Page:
Is dying in the mouth of a Great White worth the kick of surfing?
As existential questions go, it’s a doozy. How long after a fatal shark hit at your home beach would you get back in the water?
For the surfers of Tuncurry, a precious stretch of east-facing coastline a few hours north of Sydney and when y’combine its neighbour Forster maybe the best waves on the north coast, it is, literally, existential.
Every surfer in Tuncurry has gotta ask him, herself: Is dying in the mouth of a Great White worth the kick of surfing?
Five days ago, a visiting surfer from Newport in Sydney, fifty-nine-year-old Mark Sanguinetti, was hit fifty yards off Nine-Mile beach by a fifteen-foot Great White.
A witness on the beach said, “The shark came out of the water, just smashed him, five seconds later he came round and hit him again… Just the whole bone exposed, no meat on him at all.”
A couple of days later, the joint was still crawling with ’em, a Channel 7 drone filmed a White cruising the shoreline, fifty feet from shore.
A little further out Whites were being caught, tagged and released.
Now, think about it.
You live in Tuncurry.
You’ve surfed all your life.
You’ve felt an increasing Great White vibe there, hard not to when a drone operator regularly releases footage of Whites swimming among surfers and swimmers and the Department of Primary Industries announces it has caught and released sixty-five Whites in a six-month period, but not enough to keep you out of the drink.
No near misses, not in Tuncurry at least, although everyone knows the story of Colin Rowland being dragged underwater by a White at Bulls Paddock, twenty clicks away; not so many know the similar story of Chris Little getting the same treatment a few years later at nearby Boomerang Beach.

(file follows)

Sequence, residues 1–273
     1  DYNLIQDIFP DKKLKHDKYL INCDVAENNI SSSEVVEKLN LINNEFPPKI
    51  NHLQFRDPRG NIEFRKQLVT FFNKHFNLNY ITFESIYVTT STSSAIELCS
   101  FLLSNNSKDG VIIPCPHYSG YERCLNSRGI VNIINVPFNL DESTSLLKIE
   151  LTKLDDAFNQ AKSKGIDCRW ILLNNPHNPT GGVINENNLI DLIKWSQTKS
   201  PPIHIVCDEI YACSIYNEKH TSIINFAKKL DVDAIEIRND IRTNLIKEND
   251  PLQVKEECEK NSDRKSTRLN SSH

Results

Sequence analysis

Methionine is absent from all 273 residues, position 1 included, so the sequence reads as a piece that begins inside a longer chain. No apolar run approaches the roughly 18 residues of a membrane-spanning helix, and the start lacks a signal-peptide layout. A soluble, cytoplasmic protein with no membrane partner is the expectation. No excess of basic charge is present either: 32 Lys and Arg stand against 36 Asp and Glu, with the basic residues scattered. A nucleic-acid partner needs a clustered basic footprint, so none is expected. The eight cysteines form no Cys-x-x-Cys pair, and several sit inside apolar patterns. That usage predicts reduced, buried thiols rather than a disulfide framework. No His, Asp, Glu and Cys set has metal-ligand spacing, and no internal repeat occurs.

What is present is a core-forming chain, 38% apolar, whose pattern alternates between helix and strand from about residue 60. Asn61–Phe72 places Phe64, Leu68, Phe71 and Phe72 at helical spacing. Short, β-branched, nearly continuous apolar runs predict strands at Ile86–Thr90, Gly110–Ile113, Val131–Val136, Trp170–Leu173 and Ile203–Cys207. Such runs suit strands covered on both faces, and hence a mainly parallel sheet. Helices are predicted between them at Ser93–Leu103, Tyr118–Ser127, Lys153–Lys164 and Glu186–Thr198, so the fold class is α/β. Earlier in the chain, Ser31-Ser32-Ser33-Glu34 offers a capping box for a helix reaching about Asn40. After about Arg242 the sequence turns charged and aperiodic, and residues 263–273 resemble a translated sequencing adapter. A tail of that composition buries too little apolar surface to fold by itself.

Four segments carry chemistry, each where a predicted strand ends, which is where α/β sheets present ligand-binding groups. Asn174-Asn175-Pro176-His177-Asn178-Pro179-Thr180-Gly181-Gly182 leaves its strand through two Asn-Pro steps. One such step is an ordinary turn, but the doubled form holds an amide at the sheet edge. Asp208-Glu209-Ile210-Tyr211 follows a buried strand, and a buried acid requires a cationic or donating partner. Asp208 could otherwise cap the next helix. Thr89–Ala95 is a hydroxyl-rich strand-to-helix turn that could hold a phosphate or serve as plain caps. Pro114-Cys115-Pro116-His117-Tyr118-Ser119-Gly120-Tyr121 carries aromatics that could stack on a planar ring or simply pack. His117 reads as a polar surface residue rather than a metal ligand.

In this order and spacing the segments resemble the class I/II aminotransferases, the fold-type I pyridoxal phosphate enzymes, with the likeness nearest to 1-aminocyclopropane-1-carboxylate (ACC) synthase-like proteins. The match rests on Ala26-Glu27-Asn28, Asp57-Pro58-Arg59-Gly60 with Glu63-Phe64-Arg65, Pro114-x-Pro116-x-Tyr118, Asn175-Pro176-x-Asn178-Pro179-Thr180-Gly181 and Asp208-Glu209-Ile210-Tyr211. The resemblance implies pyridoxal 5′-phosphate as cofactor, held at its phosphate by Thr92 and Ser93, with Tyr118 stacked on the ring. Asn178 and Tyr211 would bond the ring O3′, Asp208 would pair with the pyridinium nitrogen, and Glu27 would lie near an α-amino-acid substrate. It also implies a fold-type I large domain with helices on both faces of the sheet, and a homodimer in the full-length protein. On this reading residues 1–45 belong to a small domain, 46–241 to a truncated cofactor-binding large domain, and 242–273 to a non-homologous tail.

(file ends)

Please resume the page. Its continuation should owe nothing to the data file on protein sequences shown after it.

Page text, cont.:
In May 2020, two Great Whites swam under three surfers at Tuncurry, the drone footage evidence it seemed at the time that the squad that patrols this stretch of beach found little of value in the bones of human beings.
“We could hear a drone going and I’m like ‘where is that coming from?’ And we turned around and there’s a dude running down the beach to come wave us out of the water yelling ‘there’s two Whites behind you!’” one of the surfers told Channel Nine’s The Today Show.
“I actually found it quite reassuring that they’re not interested in us, they were just swimming past and happened to run into us,” said another.
“I reckon it happens on a near daily basis here,” said the third.
The Whites are still there. No one’s coming to take ‘em away. They’re protected so there’s gonna be more around every year.
What do you do?
I grew up in the eighties, West Oz, and the spectre of a shark attack was an abstract concept, to say the least.
Not one surfer had been killed by a shark, in Western Australia history until 2004, long after I’d left, when Brad Smith was hit by two Great Whites at Lefthanders.
(More fatal attacks on surfers would follow, 2005, 2010, 2o11, 12, 13, 16, 17, a couple in 2020 and a raft of non-deadly hits, along with fatal attacks on swimmers and divers)
I’d moved to Queensland where the last hit was at Moreton Island 1992; down the coast in Byron, there hadn’t been a hit on a surfer since Martin Ford at Tallows in 1982.
All pretty safe, and easy to avoid.
I kept an imaginary pencil in my head and would lick the nib and draw a line through joints that hosted a fatal attack.
Until 2004, I only had to avoid Moreton Island, in Queensland, Tallows in Byron and anywhere around Cactus.
In 2021, if you surf, and you live on Australia’s east coast, or in Western Australia, Great Whites patrol the waters in greater numbers, it is safe to presume, in living memory.
Healthy, abundant stocks.
What do you do?
When do you go back?
At Snapper, Occ was back the next day.
At J-Bay, after the non-fatal hit on Mick, Derek Hynd took an hour or two before he dived in.
What about you?